As I sat down to write this article, I was prepared for a fun and kooky look back at Devo and how their red hats are being used with face shields in our COVID world. After all, they are a quintessential band of the new wave era. But when I began digging through their history, I learned about the tragedy they spawned from and how it is reflected in society today. I also knew Mark Mothersbaugh had the virus recently, but did not know just how bad it got.
Fortunately, he is still with us and we have several Devo activities to get us through these “unprecedented times.” (I hereby nominate a ban on the following phrases: unprecedented times, new normal, and it is what it is.)
First and foremost, yes, Mark Mothersbaugh nearly died from COVID! Fortunately he is home safely and posting up a storm on Insta reminding us to vote. He spent 18 days in the hospital after contracting the coronavirus and learned it is not a “simple flu” that you can easily get through.
He told the Los Angeles Times delusional thoughts caused him to attempt to escape the hospital and he credits videos from his family for his sanity. “If you have anyone that you know who’s in ICU with COVID, contact them and keep them in touch with the outside world,” he said.
YOUR MIND on COVID
“It’s easy to lose track of where you are and why you are. I had no idea I was on a ventilator for 10 days. Time meant nothing.”
We are all thankful he survived his terrifying ordeal and yes, I have voted.
As for Devo (the band), Gerald Casale is also keeping us up to date on social media. (He has a wine label?! Um, yes, please.) The band had hoped to do some touring in 2020, but you know what’s up. We still get to participate in the annual 5KDEVO run and the 20th anniversary DEVOtional “convention” virtually so we can get our Devo fix.
BTW, since we need protective gear for the foreseeable future, grab some Devo masks, shields, and of course, Energy Domes to keep yourself safe.
FOR DEVO PPE
I’ll get you to those events in moments, but first, what on earth was I talking about … tragedy? How could the fun band that is Devo have anything bad to discuss?
Because…there’s awful crap all the time and 2020 doesn’t get to own it. (“Gosh, Traci, way to be Debbie Downer.” I promise! We will get to happy again!) But sadly, it is true. Each generation has horrendous events in their lives and the members of Devo are no different. What we gain from tragedy and how we move forward shows our character and purpose. Devo started from a devastating event, but has brought joy to millions since…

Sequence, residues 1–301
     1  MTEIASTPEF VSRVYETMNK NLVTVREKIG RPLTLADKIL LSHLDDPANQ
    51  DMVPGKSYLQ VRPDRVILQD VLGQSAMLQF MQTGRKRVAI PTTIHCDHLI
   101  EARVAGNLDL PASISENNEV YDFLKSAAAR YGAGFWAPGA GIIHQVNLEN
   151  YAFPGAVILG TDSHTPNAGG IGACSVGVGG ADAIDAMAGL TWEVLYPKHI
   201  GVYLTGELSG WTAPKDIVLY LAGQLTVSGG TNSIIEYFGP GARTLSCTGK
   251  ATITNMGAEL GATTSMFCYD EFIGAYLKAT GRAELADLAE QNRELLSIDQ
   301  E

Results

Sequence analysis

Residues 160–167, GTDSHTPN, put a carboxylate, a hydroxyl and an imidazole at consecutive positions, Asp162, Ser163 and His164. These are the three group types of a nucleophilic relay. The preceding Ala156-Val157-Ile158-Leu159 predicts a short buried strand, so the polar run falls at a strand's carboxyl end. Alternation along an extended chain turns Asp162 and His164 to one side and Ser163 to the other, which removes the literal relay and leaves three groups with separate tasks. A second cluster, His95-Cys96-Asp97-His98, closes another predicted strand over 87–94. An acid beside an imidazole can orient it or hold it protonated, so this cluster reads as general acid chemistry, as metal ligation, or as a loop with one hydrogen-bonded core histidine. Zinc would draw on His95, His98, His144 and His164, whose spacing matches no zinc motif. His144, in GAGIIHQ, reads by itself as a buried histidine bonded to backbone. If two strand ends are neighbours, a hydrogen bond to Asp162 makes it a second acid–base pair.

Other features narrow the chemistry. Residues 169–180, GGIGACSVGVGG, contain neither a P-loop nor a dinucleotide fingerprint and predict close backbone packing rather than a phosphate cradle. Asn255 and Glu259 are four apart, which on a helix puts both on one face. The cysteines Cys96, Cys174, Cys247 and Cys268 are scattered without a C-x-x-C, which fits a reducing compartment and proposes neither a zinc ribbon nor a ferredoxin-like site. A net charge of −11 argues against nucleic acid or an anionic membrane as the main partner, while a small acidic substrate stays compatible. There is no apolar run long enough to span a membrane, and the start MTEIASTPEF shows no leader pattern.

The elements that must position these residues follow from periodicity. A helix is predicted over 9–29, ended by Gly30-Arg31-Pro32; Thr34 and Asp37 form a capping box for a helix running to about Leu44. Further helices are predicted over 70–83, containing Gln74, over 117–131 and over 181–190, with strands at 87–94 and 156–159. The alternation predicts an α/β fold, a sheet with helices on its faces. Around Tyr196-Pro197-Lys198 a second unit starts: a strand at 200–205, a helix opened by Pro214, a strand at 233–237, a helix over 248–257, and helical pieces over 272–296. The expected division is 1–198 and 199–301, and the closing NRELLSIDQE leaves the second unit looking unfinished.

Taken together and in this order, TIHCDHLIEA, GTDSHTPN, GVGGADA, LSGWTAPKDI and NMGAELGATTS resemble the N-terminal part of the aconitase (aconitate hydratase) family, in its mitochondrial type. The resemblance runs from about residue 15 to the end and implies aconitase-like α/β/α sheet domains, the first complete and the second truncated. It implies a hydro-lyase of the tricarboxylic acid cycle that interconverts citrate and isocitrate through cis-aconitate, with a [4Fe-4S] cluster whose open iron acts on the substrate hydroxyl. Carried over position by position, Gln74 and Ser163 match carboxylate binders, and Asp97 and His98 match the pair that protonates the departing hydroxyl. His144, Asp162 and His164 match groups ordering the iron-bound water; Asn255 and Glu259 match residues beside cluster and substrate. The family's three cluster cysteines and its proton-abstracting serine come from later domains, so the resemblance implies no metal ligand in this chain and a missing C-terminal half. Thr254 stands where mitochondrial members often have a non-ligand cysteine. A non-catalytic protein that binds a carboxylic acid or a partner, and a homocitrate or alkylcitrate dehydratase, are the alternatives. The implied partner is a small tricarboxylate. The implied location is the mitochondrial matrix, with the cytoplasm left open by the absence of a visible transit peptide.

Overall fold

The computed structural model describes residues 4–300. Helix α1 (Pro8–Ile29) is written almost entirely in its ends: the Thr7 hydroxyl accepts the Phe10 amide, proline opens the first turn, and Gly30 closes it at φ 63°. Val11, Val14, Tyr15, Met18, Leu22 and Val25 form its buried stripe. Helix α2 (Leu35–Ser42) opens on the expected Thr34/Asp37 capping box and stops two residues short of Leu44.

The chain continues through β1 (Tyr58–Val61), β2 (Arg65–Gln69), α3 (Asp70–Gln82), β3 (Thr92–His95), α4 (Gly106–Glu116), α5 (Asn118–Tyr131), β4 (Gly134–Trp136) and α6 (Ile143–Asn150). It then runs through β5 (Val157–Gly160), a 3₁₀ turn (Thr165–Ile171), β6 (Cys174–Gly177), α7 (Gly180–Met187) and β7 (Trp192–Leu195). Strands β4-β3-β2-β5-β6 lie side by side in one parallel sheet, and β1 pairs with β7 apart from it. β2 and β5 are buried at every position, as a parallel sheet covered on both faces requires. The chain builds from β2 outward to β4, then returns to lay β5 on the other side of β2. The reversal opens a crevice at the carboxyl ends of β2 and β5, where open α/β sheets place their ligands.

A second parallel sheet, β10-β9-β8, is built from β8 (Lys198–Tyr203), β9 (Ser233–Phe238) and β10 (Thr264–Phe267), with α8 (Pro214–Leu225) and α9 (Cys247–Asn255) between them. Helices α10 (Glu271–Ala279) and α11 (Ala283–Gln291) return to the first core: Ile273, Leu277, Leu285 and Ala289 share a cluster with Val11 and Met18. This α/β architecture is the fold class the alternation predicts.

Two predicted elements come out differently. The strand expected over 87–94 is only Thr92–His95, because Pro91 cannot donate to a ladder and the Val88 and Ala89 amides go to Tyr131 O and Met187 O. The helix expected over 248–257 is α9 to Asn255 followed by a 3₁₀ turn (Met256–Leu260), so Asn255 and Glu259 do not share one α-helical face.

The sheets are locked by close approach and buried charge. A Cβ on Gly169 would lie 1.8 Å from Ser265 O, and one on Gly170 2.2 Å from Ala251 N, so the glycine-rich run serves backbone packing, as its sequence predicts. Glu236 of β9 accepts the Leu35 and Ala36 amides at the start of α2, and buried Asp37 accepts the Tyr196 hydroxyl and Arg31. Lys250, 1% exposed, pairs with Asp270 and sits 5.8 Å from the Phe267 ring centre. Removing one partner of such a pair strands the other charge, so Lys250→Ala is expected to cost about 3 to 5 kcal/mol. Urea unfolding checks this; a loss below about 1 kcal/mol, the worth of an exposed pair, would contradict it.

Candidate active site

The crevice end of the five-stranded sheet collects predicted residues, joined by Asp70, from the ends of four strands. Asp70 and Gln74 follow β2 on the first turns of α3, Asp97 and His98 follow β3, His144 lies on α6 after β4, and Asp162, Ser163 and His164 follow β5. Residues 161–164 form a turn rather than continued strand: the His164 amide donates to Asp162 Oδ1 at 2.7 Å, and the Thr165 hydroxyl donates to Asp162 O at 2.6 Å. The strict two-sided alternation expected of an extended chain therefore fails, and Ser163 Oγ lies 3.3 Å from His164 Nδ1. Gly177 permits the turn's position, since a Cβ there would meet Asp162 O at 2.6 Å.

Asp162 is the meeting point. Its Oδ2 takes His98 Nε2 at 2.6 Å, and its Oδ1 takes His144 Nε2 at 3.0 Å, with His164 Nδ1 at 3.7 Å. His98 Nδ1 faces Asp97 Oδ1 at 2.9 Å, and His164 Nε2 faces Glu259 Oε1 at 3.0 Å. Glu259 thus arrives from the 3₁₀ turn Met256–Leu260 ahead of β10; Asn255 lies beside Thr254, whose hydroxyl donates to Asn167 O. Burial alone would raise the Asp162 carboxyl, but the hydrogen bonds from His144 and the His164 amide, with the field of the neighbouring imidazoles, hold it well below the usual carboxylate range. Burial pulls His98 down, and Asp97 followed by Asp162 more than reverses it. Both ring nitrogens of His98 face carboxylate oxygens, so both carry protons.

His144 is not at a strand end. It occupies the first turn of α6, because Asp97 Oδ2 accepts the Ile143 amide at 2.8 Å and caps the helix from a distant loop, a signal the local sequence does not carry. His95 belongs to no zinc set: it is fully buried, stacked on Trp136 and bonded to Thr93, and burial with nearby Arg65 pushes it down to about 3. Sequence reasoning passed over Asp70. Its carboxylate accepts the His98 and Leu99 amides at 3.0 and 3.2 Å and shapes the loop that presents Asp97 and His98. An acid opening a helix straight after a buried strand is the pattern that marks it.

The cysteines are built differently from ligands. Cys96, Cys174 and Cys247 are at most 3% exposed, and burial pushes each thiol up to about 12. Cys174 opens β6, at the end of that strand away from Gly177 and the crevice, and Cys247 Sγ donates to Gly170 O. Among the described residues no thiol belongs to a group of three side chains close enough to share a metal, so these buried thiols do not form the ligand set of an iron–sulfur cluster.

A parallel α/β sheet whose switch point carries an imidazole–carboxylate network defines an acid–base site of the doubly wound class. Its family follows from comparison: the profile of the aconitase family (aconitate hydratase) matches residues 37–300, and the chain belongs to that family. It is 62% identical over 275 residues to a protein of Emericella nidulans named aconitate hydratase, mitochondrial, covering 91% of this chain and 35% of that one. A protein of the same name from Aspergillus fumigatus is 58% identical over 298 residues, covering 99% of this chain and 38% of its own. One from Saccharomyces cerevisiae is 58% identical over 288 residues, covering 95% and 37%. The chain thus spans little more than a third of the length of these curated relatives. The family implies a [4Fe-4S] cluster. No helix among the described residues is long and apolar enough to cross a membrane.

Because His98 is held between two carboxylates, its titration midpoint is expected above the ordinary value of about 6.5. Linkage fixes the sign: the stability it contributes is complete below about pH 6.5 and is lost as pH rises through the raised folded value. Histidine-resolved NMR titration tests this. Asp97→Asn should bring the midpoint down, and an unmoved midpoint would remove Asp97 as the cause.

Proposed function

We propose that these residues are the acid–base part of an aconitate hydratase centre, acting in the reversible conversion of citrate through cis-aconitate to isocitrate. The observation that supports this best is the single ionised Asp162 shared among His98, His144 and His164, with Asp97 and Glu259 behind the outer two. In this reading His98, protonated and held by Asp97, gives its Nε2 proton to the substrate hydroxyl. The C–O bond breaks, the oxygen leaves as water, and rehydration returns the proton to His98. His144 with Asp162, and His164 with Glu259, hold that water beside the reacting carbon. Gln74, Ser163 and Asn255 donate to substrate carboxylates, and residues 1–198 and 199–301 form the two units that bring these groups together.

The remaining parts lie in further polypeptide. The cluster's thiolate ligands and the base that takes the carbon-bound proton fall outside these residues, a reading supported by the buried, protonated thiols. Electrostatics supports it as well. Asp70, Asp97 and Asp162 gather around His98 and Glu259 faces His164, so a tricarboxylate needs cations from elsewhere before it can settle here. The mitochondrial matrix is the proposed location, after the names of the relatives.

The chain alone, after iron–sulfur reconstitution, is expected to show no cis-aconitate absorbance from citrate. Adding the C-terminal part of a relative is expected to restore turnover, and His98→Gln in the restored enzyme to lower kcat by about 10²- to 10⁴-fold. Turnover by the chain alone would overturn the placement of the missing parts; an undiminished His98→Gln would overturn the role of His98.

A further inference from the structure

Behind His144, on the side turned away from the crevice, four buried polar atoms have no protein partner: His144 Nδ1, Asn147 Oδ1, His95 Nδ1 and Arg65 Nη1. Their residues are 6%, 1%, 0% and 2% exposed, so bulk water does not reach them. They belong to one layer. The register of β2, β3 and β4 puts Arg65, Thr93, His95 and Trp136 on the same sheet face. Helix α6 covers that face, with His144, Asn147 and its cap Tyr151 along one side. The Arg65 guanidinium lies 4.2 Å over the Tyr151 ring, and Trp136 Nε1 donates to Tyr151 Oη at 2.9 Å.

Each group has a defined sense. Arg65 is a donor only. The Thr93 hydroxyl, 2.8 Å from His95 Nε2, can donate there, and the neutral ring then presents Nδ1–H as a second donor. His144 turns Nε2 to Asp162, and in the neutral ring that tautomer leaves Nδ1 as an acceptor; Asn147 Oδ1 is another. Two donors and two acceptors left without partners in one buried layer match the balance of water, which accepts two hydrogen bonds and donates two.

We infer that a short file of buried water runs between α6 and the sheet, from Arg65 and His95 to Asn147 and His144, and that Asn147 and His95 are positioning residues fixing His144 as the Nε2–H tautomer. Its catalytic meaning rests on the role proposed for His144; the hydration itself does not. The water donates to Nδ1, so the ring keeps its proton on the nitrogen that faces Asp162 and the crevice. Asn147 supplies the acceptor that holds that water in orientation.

Disgraced president. Country at war. Disappointed generation. Racial tension. Riots.
No, not 2020. The end of the ‘60s and beginning of the ‘70s was a dark time in America as well.
In 1970, members of Devo were attending Kent State University in Ohio. On May 4, following days of protests over the Vietnam War, the Ohio National Guard opened fire and killed four students and wounded nine. Two of the deceased were friends of Gerald Casale. In 2005, he told Vermont Review, “All I can tell you is that it completely and utterly changed my life. I was a white hippie boy and then I saw exit wounds from M1 rifles out of the backs of two people I knew.” He continued, “I stopped being a hippie and I started to develop the idea of devolution. I got real, real pissed off.”
Gerald says seeing David Bowie in 1974 helped him realize he could use his creativity to express his feelings. His brother and other original Devo member, Bob Casale, told Under the Radar in 2012, “We came of age in the middle of a huge cultural war. This country was basically in the midst of a new civil war — the lines were drawn very clearly.” Being artistically and musically inclined, they created the band because “it was a more immediate way of self-expression that required less money and no outside permission. … If you have an idea for a song you can pretty much go into your basement with your band mates and do it.”
The Casale brothers, Bob Lewis, and Mark Mothersbaugh began sharing art and music and came up with the idea of “de-evolution,” (devo for short) or mankind regressing. Devo began to take shape and added Mark’s brother Bob, and Alan Myers to become the Devo we know from the ‘80s. They took part in a short film that got the attention of Bowie, who dubbed them “the band of the future.” Between Bowie and Iggy Pop supporting them, they scored a record deal with Warner Music Group.
In 1977, they released their first single “Mongoloid” with “Jocko Homo” as the B-side. They followed that with a cover of the Rolling Stones track “(I Can’t Get No) Satisfaction.” (Which is used brilliantly in the 1995 movie, “Casino.”)